MR:  “Right.  And, uh, kind of going over the point that I mentioned earlier about us living in a kind of a false left/right paradigm, where people perceive the Republicans as the bad guys and the Democrats as the good guys and, uh, the choices being limited to those two and with this opportunity for consciousness-raising with the whole Wall Street occupations spreading across the country, it seems like a really good opportunity for people to, kind of, look beyond that.  And, yet, we’re still, most people are still gonna vote, so it just seems kind of logical to expand the two-party system.  Is that, would that be a half-measure, in your view?  Or is that something that US Day of Rage looks at?

USDOR:  “It’s not a half-measure.  I mean, any kind of political engagement that restores democracy we don’t consider a half-measure.  I mean, listen, we’re human beings.  A lot of us are working people who are just normal, average everyday citizens.  And so, you know, we support and we engage with the larger discussions from other groups, other Constitutional Convention groups, other people who wanna reform our elections, even, you know, the General Assembly at New York City.  I mean, we’re individual members of that body.  So, no, I mean, I hope that any group that wants to engage in electoral reform approach us and we will approach them because united, you know, we can actually get this done.”

MR:  “Yes, so—“

USDOR:  “And the other thing, too, is that we have a way of getting it done.”

MR:  “Yeah, that’s exactly right.  And with the whole Occupation Wall Street spreading across the country and, if the Occupations persist, it seems like the Article V Constitutional Convention can seem like a very likely possibility.”

USDOR:  “It’s true.  And also, you know, social media has also done wonders in many, many areas and sectors of America’s political conscience.  You know, take, for example, an American I have great respect for, Brandon Neely, a former Gitmo guard, who found his, people who he was a prison guard and detained at Guantanamo.  He reached out to them several years ago and made direct amends to them over Facebook.”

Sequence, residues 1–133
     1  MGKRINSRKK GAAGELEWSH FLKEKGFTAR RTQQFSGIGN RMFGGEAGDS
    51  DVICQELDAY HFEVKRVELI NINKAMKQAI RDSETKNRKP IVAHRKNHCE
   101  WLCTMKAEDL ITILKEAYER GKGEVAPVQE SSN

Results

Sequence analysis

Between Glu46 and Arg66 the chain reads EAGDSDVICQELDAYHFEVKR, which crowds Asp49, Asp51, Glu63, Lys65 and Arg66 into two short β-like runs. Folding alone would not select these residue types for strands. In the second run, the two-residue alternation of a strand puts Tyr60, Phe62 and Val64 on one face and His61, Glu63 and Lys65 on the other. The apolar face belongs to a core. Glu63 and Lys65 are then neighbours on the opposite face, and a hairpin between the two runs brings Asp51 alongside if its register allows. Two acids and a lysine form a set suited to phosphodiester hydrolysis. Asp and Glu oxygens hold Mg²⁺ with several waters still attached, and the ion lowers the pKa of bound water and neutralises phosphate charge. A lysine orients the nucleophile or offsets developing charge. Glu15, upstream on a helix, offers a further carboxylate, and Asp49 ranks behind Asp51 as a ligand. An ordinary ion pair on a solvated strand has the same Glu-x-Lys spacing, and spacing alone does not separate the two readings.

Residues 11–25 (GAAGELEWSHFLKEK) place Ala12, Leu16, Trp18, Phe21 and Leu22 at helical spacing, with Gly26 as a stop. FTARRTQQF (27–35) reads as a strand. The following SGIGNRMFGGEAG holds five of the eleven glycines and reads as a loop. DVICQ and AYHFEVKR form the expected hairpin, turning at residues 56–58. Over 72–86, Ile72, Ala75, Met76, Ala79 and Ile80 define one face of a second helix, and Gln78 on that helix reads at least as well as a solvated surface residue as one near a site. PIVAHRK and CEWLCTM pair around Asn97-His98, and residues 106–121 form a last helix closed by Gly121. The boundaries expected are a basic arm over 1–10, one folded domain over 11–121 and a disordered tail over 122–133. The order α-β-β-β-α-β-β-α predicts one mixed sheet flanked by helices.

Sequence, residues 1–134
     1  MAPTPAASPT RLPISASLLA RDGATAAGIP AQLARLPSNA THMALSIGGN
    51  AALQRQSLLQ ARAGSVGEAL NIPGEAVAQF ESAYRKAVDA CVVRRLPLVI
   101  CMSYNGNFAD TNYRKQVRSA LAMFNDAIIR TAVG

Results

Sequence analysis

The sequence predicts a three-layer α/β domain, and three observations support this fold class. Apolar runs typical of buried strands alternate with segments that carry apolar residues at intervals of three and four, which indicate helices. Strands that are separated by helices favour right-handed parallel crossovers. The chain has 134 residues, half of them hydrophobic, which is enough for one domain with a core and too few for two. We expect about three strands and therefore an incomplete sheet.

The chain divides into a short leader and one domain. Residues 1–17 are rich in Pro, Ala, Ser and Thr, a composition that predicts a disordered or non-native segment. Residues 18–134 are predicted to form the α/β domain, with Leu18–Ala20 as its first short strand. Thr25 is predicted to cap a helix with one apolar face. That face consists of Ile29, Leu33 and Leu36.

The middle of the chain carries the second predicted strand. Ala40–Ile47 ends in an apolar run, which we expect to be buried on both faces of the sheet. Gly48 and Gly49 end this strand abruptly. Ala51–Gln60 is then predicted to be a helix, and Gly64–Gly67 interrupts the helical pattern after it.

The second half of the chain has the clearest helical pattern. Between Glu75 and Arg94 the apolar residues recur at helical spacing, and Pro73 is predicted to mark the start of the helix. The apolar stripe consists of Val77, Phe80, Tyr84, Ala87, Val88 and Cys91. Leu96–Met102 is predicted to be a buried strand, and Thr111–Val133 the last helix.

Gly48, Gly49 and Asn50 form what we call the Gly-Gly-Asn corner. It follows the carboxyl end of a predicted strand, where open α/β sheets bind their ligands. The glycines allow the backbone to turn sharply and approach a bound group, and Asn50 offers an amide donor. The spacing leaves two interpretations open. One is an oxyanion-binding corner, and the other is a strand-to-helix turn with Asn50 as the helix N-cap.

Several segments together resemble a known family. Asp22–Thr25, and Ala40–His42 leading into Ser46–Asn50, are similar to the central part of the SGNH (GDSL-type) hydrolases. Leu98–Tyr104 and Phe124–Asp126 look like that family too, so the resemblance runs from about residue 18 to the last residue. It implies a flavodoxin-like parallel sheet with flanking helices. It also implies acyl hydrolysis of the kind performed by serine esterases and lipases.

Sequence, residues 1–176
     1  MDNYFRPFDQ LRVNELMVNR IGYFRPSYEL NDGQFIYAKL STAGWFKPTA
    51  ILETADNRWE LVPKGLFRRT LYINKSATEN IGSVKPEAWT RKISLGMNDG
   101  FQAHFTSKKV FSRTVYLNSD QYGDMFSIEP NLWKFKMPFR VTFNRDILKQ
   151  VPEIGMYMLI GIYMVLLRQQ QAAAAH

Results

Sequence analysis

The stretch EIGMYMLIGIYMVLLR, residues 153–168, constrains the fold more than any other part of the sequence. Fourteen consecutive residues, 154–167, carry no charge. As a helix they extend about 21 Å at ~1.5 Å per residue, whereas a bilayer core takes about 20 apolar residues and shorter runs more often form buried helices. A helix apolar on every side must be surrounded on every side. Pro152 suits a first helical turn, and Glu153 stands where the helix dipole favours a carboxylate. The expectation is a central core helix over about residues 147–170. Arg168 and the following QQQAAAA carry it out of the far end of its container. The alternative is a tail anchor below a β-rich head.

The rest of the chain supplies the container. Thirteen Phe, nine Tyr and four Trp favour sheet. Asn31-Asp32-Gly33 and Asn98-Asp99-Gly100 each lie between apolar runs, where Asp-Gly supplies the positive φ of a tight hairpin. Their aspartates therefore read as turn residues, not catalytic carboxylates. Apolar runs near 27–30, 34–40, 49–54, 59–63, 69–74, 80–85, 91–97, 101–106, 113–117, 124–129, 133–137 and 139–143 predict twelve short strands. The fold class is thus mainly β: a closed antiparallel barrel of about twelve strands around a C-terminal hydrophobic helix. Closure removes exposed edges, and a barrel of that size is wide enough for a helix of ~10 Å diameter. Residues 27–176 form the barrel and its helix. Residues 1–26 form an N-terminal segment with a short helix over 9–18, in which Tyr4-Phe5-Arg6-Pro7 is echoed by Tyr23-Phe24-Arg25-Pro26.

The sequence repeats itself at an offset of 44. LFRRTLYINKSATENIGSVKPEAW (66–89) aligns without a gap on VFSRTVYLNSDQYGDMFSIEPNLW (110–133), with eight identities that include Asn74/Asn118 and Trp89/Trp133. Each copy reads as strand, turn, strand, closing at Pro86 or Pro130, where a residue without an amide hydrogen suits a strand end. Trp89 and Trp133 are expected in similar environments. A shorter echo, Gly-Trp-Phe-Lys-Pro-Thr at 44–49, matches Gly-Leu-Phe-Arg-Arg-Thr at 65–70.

MR:  “Oh, wow.”

USDOR:  “So, the reality of social media, which I think some, the press is just beginning to understand is, you shouldn’t torture people.  But you cannot torture people today because we will find you and we will see your face on Twitter and Facebook.  Now, Neely is a, a vanguard.  I mean, he’s spoken out about Gitmo, so I’m not talking about Mr. Neely per se.  But I’m saying, you know this, earlier on in the year, um, WL Central and myself and on the media, the Senator from Hawaii Tweeted me to confirm that a Republican had placed the anonymous hold on the Whistleblower Protection Act.  So, there are a lot of things that you could do with social media that we couldn’t do before.  And we’re, we just can’t wait to get to it when it comes to the Article V Constitutional Convention.”

MR:  “So, you don’t have any fears that a large organisation like MoveOn.org might subvert the more grassroots, radical, message of the, um, loosely collective Occupy Wall Street folks?”

USDOR:  “What I’ve learned strategically with things like this is that, you know, it wouldn’t surprise me if the American, you know, I’m talking in a general way.  Right?”

MR:  “Right.”

USDOR:  “If the American brain, it needs to unravel from the partisan, you know, the culture war is over, everybody lost.  Right?”

MR:  “Right.”

USDOR:  “The culture war they’ve grown up with.  But the reality of it is that the game generation, the internet generation, does not trust traditional forms of organised politics.  You know, we have learned how to engage with each other through weak social ties online and that has also transferred into our lifestyle.  So, we might lose a few more rounds.  Hopefully, the U.S. government won’t take drastic action.  Um, I think with this movement into the political sq-, into the civic square we have started to change the game.  But it’s like the traditional media.  It’s like, I’m not worried whether or not they’re covering us because they are becoming obsolete.”

MR:  “M-hm.”